Our DJI Mavic drone is a lovely little thing. It flits about at 60kph taking pictures and video. I can setup a computerised track for the multirotor beauty to follow, or fly it manually. It has sensors, flashing lights (green on the right, red on the left, like a proper aeroplane) and its dark grey exterior belies its sensitivity.
The LiPo or Lithium Polymer battery hates the stuff. If there’s too much mist or the humidity is above 100% the battery gives notice by swelling like a puffer fish. Not that I’ve seen that yet as I’m keeping it well away from H2O, but that’s the warning on its operators manual. Yet drones have been used heavily in very wet areas, such as Houston for example, and if protected, can provide an incredibly important service.
In East Africa, drones are now carting lightweight emergency medicines across miles of wilderness. The Mavic I fly can operate up to 1500m away from the base station, although the law says you have to have visual line of sight or VLOS at all times to the vehicle. The radio signal from the remote handset won’t allow for that distance anyway. In Houston, there are a couple of thousand drone operators. There aren’t that many in the whole of South Africa, although licences are being scooped up at record speed.
Humanitarian missions around Houston after Hurricane Harvey have seen drones used to spot people on rooftops, to carry small medical kits, and to assess areas for water damage. Boats are heavy and cumbersome, and with water receding, drones have come into their own as people return to their dwellings. The FAA reports that there are now dozens of special licenses for those operators who’re helping the rescue and recovery efforts, where helicopters can be very expensive, drones can be very cheap. Flying at 400 feet above ground level (AGL) or lower it means these devices are also not endangering aviation as long as you follow the rules. So police helicopters continue to fly overhead while in the intermediate area, or drone zone, services are being rendered.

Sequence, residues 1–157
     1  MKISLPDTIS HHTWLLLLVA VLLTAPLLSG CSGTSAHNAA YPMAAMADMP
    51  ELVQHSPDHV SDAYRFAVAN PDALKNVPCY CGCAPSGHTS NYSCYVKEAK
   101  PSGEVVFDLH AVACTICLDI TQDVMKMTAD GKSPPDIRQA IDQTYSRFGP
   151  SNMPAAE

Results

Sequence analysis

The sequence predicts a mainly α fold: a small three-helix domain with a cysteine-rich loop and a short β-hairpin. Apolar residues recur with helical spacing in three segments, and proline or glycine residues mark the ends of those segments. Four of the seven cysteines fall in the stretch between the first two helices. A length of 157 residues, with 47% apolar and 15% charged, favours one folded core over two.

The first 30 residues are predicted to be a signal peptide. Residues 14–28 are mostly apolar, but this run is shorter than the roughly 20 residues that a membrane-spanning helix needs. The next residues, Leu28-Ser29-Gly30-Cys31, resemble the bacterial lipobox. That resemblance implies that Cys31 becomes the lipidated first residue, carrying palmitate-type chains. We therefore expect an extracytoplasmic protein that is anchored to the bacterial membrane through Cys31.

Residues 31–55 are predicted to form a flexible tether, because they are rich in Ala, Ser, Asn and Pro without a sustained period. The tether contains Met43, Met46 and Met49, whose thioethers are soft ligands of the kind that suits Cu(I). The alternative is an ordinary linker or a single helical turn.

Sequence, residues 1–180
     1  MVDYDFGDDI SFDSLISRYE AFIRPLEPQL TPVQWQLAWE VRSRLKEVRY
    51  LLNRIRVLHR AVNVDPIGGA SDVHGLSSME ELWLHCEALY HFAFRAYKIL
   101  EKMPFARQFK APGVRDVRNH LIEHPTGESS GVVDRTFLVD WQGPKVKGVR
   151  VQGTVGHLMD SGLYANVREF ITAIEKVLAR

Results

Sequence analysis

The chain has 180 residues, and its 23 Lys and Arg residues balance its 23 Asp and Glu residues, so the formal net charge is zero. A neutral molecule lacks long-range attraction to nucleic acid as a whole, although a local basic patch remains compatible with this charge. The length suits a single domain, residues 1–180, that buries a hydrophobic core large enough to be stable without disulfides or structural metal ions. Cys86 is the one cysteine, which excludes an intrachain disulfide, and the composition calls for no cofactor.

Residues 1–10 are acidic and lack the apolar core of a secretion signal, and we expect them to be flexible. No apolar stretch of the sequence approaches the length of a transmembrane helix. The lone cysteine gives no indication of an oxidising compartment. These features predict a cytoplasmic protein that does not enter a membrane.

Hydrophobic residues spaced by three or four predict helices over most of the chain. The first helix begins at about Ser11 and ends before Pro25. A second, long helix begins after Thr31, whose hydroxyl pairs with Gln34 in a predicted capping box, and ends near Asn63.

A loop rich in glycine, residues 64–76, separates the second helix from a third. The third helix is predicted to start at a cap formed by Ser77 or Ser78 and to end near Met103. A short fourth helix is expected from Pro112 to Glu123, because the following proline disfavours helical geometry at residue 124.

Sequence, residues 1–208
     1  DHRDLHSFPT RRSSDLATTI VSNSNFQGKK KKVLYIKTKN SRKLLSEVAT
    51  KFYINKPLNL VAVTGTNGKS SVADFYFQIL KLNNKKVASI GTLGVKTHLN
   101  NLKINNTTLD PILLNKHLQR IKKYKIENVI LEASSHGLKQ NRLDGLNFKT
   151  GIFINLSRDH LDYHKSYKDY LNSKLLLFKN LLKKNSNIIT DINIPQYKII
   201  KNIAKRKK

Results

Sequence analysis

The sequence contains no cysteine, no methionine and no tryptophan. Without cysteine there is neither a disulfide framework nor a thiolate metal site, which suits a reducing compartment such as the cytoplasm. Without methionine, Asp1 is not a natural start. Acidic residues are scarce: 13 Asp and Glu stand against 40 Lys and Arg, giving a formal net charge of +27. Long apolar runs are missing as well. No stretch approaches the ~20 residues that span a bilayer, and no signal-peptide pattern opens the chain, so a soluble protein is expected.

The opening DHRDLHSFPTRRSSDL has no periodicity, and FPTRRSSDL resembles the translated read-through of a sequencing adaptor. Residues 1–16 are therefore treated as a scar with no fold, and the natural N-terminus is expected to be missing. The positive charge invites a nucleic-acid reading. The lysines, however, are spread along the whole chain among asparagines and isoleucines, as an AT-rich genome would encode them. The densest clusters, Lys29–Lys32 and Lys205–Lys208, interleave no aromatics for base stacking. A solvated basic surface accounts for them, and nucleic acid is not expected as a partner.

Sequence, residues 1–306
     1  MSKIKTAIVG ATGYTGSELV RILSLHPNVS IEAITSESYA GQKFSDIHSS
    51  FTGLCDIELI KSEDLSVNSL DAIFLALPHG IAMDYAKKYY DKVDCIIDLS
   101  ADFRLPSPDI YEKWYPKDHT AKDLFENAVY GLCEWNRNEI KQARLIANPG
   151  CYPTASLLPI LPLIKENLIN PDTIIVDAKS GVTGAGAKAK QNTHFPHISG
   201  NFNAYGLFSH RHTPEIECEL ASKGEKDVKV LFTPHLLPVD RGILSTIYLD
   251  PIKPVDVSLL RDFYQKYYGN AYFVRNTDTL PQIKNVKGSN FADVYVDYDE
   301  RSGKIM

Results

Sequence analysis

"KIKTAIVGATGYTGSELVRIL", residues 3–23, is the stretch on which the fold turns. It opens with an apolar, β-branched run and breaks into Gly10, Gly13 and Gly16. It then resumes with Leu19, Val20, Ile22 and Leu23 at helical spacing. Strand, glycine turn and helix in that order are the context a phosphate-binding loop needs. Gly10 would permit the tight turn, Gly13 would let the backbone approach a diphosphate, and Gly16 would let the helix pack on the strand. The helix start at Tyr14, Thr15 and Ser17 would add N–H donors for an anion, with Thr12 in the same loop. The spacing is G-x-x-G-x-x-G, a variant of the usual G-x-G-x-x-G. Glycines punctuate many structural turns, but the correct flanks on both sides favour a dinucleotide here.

But they don’t like water, as I said. I have tested the frayintermedia Mavic over the ocean and I became very nervous as the craft drifted away in the wind, fearing that the device may be lost if there was a technical hitch. The other fear was about seabirds who really didn’t like the device at all. And by the way, the Mavic was in far more danger of being attacked by a large bird than vice versa. The Mavic is the size of your hand, a seagull would easily smack it into the Indian Ocean.
So I respect these American drone operators taking their hugely expensive drones to Houston in order to save lives. They’re not being paid to do this, most are operating as volunteers and from all accounts, have been involved in numerous incidents where people were trapped and saved. There is, however, a dark side to droneism.
Apparently insurance companies are hiring these drone operators as the water recedes – turning them into assessors as they scan mile after mile of housing destroyed by one of the most destructive hurricanes to ever strike the US mainland. So first they’re free, then they’re paid. I guess you have to make a living. One of those insurance companies is second biggest in Texas, Allstate, and its just a matter of days before the biggest company, State Farm, orders a fleet into the air as well.
Speaking of insurance, I discovered while registering drones that you need insurance coverage to the tune of R500 000 per drone. That is the same as a small plane or a glider. Which is madness, but that’s bureaucracy for you. And speaking of gliders, I am now the proud member of the Aero Club of South Africa and begin my glider training this week. More follows gentle folks. But later as right now I have to pack up the drone to go shoot a video.